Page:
The countries holding a majority of the world’s known resources for manufacturing batteries are considering forming a cartel based on the OPEC model in the face of growing demand and surging prices.
There’s growing interest in a lithium OPEC in the ‘Lithium Triangle’, a colloquial term for Argentina, Bolivia and Chile, which are home to 58% of the world’s identified lithium resources.
According to Brazil’s Rio Times, the foreign ministers of the countries that make up the Triangle also hope to bring Australia, the world’s leading lithium producer, into the proposed cartel.
These ideas appear to be just that at this point. Furthermore, any plans for the future are highly dependent on another key player: China. While the country has just 6% of the world’s identified lithium resources, it is responsible for 58% of global lithium processing capacity. So even if supply is locked down by the cartel (which is far from a given, according to analysts), they’d still be extremely dependent on China when it comes to processing the raw materials. This is heightened by the fact that the country is deeply invested in South American mining projects.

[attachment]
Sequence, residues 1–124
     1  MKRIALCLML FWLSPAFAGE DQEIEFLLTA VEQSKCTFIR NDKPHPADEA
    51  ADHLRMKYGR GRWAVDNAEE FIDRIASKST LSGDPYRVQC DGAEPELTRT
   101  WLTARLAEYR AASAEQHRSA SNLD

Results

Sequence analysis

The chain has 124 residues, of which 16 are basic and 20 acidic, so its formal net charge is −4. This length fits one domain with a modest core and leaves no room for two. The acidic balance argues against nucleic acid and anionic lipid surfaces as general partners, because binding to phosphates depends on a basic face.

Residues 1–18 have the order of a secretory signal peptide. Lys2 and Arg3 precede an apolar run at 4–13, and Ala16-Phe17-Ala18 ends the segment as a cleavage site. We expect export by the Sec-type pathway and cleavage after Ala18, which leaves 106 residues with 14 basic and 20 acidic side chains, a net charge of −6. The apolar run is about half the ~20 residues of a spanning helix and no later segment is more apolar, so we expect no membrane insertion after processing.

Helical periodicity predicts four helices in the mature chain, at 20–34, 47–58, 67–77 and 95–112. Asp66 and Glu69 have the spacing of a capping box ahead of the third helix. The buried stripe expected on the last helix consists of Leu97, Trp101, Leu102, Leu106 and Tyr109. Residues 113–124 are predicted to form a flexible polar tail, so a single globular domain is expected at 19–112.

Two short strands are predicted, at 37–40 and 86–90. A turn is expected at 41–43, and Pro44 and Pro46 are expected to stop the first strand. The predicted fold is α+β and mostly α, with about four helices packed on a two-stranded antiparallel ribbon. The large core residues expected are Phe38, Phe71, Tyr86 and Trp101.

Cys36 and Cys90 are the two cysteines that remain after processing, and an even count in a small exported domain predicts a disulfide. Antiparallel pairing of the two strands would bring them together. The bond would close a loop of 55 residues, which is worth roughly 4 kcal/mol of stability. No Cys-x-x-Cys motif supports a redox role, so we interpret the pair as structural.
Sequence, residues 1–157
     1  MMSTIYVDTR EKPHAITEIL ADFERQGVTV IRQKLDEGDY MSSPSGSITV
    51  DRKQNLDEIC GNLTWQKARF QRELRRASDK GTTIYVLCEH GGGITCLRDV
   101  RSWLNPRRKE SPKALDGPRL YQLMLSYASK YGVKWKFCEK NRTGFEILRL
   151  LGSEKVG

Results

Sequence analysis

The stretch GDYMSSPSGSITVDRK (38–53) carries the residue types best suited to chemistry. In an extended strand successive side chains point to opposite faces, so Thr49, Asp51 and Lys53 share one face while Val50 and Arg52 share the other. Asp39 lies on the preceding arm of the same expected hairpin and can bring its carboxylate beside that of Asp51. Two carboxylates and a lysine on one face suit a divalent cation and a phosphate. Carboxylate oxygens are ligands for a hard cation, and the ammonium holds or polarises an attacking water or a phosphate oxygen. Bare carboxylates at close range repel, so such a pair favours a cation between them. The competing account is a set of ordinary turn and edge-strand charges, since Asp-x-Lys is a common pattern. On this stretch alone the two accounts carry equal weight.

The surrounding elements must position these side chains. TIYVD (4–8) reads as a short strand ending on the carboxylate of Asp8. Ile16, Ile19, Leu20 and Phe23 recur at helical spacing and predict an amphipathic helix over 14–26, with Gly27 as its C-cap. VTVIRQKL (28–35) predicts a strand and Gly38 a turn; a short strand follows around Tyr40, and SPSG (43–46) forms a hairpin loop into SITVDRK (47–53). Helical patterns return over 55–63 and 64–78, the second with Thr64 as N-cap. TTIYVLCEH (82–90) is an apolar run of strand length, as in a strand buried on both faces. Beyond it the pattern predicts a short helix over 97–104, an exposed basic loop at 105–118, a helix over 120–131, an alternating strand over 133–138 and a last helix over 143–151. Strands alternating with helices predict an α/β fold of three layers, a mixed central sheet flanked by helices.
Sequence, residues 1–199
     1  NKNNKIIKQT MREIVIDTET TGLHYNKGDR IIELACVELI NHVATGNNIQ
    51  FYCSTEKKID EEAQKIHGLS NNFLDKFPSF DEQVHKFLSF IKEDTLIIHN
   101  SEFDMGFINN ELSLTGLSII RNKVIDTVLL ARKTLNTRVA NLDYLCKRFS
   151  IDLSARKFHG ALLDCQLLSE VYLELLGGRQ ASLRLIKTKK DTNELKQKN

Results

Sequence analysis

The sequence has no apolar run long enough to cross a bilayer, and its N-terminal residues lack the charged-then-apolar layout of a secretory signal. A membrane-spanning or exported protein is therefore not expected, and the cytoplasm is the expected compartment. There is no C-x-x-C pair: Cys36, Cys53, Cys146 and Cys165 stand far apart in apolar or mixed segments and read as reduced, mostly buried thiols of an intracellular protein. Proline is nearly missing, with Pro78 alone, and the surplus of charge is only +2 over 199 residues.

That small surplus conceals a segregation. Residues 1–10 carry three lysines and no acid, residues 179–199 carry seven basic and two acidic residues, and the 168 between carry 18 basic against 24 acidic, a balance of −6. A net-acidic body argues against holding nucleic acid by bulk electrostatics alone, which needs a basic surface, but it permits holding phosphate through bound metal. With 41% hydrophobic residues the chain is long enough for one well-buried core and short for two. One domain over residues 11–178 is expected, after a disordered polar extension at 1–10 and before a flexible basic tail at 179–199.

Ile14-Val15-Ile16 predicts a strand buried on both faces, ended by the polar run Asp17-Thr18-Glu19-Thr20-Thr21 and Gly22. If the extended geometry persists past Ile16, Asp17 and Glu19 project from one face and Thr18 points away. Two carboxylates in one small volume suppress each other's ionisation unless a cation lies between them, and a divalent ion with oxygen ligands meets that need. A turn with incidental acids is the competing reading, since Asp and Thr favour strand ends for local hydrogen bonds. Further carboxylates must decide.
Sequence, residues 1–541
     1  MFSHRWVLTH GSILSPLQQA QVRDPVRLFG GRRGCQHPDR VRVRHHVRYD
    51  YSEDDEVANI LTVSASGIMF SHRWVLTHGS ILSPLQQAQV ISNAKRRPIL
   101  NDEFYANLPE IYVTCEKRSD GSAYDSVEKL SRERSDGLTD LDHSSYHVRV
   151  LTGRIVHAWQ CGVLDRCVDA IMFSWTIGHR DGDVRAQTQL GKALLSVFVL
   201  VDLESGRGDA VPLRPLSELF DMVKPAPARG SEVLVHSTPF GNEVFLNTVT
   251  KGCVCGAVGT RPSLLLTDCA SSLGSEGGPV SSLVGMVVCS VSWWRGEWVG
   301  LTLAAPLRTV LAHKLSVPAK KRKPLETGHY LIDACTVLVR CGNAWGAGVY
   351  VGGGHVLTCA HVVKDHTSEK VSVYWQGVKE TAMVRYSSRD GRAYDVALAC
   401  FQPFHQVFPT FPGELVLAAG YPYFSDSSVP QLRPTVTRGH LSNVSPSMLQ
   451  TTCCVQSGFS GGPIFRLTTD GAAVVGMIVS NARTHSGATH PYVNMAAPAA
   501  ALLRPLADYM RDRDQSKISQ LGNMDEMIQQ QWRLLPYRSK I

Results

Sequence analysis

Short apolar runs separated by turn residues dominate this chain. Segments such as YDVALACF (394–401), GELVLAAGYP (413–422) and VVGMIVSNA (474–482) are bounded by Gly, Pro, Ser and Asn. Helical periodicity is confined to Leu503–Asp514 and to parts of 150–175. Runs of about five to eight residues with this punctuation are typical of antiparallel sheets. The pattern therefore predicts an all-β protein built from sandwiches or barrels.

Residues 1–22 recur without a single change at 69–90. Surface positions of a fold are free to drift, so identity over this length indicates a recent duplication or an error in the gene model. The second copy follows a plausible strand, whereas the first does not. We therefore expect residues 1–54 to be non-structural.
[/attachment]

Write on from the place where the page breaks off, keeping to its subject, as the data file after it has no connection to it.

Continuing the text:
Why it matters
Electric vehicles, as is often the case lately. Unprecedented volumes of lithium are required to produce the millions upon millions of vehicles that are planned for the foreseeable future.
In a similar manner to the 1970s gas crisis, which changed the entire face of the automotive industry, anyone who has tight control over lithium holds sway over the future of the automobile.
“The potential members of the lithium cartel are highly dependent on Chinese appetites, but if they decide to halt the supply of raw materials it is unlikely that a worthy replacement will be found. Lithium reserves in China’s subsoil are vastly inferior to those of Argentina, Bolivia, Chile or Australia, nor are its deposits as rich.
In the future, however, Russia may become a member of the lithium OPEC thanks to the lithium projects it is planning. The most promising among them is the project to develop the Kolmozerskoye pegmatite deposit in Murmansk Region, which Norilsk Nickel is seeking to implement in partnership with ROSATOM. The large spodumene (lithium mineral) reserves and proven processing technologies mean that Russia will not only be able to meet its own needs, but also supply lithium for export” – Comment by Leonid Khazanov / Consultant – Metals and technologies // Science columnist specializing in metals, the fuel and energy sector, and industry trends. PhD in economics. Consults foreign companies on investments in Russian mining locations and factories.